Honoring the dead

Nathan Bauer said of himself, in this week’s Streetalk: “I’m not really a person with supernatural inclinations.” But he was a “very spiritual person,” says his friend Luis Jimenez.

Luis and Nathan were colleagues at American River College. Both worked at the Current, the student newspaper, where Luis serves as editor-in-chief. It was Luis—also a contributor to SN&R—who interviewed and photographed Nathan for this week’s Streetalk. It was through Luis that we learned Nathan, who was 33, died Sunday of a sudden heart attack.

Luis had known Nathan for only four months, since Nathan came to the paper. “But we saw each other four days a week,” Luis says, “and you know how a newsroom is—you become like an extended family.”

Nathan had told Luis and Rachel Leibrock—a former SN&R editor and now a professor at ARC who oversees the Current—that after years of trying a variety of majors, he had found his home in journalism. Having dealt with a spinal condition all his life that required him to use a wheelchair, he liked the fact that he could do his own reporting and writing without assistance. “He found his independence in journalism,” Luis says.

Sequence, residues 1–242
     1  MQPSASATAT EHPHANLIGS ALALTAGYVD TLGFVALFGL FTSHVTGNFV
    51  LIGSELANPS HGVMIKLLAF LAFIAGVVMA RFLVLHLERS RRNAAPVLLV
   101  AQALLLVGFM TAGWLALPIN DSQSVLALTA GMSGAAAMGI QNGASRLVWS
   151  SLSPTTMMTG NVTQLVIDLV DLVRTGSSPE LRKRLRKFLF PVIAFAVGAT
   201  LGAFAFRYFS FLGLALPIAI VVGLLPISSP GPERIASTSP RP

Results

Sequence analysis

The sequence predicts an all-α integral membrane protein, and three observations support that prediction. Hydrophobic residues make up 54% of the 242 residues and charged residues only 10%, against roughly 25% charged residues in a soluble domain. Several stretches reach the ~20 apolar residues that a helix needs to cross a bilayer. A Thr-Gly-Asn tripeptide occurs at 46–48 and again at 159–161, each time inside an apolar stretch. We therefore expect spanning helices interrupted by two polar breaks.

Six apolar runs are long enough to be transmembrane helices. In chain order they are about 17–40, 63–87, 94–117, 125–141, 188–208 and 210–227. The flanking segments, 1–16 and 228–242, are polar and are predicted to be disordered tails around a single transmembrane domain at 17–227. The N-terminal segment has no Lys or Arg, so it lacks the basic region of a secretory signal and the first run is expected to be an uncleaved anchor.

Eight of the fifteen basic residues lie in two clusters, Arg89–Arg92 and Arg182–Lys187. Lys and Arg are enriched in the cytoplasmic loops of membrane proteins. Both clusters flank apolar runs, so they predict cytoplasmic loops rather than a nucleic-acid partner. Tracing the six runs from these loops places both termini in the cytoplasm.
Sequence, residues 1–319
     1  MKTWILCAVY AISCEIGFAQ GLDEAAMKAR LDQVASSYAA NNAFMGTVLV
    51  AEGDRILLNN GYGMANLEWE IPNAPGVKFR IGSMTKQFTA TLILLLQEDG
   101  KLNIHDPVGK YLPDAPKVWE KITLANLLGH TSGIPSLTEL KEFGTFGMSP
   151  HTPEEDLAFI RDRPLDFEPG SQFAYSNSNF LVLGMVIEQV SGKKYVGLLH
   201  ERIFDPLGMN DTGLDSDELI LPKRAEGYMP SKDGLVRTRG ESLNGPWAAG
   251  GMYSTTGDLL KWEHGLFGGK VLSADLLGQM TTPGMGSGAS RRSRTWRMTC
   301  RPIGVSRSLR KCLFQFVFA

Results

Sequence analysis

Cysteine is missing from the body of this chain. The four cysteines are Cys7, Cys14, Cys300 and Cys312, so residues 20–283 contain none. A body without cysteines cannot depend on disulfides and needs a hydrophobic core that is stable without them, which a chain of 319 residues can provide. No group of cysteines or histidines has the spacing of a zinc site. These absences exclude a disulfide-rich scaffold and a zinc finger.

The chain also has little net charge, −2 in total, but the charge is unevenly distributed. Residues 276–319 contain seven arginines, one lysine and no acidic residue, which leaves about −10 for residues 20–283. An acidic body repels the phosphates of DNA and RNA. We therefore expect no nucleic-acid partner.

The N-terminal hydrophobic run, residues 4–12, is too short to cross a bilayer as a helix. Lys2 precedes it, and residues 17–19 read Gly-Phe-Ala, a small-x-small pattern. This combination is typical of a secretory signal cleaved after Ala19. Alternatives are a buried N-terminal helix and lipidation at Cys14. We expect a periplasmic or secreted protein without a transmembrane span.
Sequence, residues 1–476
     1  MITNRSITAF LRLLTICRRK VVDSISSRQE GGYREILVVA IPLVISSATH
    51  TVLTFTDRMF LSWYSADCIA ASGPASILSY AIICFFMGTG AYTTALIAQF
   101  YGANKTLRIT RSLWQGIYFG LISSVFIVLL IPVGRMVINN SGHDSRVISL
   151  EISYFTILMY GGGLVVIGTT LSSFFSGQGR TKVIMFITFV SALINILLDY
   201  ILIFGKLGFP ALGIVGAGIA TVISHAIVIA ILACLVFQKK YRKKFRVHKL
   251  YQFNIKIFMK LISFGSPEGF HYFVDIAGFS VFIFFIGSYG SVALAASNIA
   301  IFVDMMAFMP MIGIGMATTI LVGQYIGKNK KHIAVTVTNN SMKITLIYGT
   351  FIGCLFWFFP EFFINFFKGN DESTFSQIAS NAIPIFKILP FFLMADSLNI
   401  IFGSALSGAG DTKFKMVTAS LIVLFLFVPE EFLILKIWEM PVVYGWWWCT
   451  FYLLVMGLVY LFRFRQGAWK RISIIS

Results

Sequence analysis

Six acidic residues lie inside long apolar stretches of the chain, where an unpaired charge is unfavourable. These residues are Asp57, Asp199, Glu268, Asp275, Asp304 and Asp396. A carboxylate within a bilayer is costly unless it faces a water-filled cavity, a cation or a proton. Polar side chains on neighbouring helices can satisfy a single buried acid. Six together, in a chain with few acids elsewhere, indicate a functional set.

Here in the SN&R newsroom, we were stunned to learn of Nathan’s passing, even though none of us had ever met him. It did not seem right that his photo and quote should appear in our paper with no mention of his death. It also seemed somehow appropriate that we acknowledge him in this issue, which also includes a bunch of stuff about the celebration of death that is Día de Los Muertos.

In our Arts & Culture lead this week, some local Día de los Muertos artists explain why it’s important to honor the dead. In this small way, we want to honor Nathan Bauer.